• via MLG WLAN or MLG AP or direct from the CC AP

  • via MLG or direct LTE/3G/4G* through the internet or PtP

  • control of tracking unit on the MLG*

  • various peripherals like joystick, VR goggles etc


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  • This is a side project to test on the Raspberry Pi Zero capability to process APM as a standalone and as a companion computer as well:


  • Developer

    3702191967?profile=originalI made some concrete progress today by getting the RPI's video and the Pixhawk's telemetry flowing into Tower.

    The way the telemetry works is it flows from the Pixhawk -> RPI2 (appears as /dev/ttyUSB0) -> mavproxy.  Mavproxy then splits it (see new mavproxy_telem_splitter script) and publishes it on two (or more) UDP ports.  One UDP port is local to the RPI2 and allows dronekit to get the telemetry data.  It's also broadcast to the IP addresses of any devices connected to the RPI2's wifi access point.  So actually we should be able to connect as many devices as we want to the RPI2 and they should all get telemetry data.  This broadcast feature was added today by Tridge just for us.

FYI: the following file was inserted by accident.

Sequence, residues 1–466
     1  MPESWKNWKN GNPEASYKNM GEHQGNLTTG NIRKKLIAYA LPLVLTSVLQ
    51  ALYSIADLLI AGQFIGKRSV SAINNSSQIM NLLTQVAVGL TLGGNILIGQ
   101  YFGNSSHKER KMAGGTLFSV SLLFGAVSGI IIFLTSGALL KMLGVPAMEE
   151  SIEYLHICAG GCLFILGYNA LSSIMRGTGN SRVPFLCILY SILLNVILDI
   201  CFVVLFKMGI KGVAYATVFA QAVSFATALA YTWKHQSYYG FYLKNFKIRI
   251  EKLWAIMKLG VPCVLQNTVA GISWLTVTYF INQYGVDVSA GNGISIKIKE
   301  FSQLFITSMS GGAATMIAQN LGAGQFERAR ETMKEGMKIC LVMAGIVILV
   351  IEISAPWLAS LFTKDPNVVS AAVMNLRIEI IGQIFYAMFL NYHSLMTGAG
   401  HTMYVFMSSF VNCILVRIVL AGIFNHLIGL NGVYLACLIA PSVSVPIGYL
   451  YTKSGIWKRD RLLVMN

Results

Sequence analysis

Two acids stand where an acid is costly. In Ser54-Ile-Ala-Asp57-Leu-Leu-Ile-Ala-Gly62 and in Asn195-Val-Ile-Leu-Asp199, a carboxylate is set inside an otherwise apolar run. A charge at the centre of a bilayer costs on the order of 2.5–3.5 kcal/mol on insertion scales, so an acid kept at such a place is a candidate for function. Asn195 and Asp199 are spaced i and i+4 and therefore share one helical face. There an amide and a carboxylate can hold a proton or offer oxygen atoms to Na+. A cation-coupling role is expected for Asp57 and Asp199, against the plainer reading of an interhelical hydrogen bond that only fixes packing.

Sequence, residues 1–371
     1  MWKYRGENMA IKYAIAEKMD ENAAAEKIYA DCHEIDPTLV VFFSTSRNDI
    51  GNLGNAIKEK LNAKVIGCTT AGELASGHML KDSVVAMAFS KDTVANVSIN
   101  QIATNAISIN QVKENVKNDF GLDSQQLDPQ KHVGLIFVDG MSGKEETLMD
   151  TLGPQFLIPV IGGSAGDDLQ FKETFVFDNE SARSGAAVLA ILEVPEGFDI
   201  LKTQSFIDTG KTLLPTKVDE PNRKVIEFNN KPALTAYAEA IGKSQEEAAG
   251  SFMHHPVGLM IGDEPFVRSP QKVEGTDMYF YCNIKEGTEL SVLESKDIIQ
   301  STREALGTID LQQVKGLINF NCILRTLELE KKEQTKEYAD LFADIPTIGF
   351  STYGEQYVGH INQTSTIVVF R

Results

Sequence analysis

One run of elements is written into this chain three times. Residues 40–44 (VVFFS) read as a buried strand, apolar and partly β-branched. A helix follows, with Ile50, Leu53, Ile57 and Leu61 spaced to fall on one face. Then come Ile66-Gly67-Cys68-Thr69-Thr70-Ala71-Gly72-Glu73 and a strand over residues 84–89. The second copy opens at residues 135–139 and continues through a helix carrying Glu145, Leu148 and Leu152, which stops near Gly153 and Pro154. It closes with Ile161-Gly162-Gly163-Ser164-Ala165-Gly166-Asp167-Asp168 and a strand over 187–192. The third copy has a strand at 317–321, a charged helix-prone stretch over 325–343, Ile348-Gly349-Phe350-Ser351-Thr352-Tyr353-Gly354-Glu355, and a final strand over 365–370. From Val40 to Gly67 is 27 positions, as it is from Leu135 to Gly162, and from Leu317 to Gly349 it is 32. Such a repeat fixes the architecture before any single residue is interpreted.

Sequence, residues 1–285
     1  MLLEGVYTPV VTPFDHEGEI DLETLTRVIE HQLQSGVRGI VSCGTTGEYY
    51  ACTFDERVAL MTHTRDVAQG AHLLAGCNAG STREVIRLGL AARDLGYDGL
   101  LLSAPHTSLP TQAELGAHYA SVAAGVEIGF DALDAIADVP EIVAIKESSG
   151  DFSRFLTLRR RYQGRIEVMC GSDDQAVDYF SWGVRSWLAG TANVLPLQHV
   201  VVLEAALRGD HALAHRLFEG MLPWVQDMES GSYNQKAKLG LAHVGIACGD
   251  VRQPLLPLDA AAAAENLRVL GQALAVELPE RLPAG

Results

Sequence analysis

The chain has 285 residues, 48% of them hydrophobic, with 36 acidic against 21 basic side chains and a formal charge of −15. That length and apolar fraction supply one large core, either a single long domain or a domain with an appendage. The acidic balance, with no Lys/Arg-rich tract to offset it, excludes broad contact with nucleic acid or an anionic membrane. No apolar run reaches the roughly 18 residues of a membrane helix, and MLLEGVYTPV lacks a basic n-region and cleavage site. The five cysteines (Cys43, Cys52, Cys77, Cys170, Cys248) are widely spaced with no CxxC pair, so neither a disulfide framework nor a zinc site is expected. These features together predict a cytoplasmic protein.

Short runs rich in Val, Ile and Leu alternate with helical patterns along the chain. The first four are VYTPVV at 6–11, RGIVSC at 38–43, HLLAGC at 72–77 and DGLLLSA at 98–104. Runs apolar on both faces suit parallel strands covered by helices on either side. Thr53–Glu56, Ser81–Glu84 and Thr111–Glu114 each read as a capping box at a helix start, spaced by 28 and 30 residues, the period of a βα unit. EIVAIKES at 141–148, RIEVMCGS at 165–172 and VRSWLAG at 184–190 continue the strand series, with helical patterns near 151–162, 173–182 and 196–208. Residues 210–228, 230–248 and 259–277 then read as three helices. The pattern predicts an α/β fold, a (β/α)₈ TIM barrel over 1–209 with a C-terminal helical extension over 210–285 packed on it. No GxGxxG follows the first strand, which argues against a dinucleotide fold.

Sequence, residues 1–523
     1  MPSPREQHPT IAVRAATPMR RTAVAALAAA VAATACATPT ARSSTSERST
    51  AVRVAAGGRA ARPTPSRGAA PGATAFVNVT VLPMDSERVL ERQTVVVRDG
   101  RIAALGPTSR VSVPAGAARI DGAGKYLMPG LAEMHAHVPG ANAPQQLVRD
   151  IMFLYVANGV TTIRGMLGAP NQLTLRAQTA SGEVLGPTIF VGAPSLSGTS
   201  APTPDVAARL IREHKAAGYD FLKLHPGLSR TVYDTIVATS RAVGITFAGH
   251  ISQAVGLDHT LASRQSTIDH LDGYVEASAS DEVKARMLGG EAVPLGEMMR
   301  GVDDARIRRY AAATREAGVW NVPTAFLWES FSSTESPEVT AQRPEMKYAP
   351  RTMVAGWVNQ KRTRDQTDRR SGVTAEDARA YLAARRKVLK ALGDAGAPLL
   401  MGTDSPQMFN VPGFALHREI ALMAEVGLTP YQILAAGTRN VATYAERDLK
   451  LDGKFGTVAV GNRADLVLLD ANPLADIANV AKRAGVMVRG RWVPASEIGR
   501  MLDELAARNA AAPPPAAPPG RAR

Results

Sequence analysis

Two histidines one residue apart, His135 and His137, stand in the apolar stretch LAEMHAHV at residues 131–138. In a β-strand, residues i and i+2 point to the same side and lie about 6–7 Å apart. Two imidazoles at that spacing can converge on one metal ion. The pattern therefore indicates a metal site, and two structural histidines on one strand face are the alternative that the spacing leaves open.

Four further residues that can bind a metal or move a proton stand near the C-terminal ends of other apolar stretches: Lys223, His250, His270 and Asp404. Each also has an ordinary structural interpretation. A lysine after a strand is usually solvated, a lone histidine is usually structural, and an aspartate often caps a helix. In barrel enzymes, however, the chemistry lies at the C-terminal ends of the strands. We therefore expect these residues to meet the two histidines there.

The video can be seen in [Beta] Tower by following the instuction here and then running this script on the RPI2.  The video is not being split though so when you're doing this, the balloon-finder can't use the camera.  Also the video is always sent to the first device to connect to the RPI2.  So I'll need to look back at the tee stuff Patrick's done to see if that can be incorporated.

    The video shown in Tower is quite laggy but hopefully we can work on that.

    • That's great that you got beta tower going. I tried a while ago with UDP video, but couldn't connect. I will try again.

    • This is the RP3 running openCV  C++ using a USB  MJPG camera at 640x480 fitted withh and a fisheye lens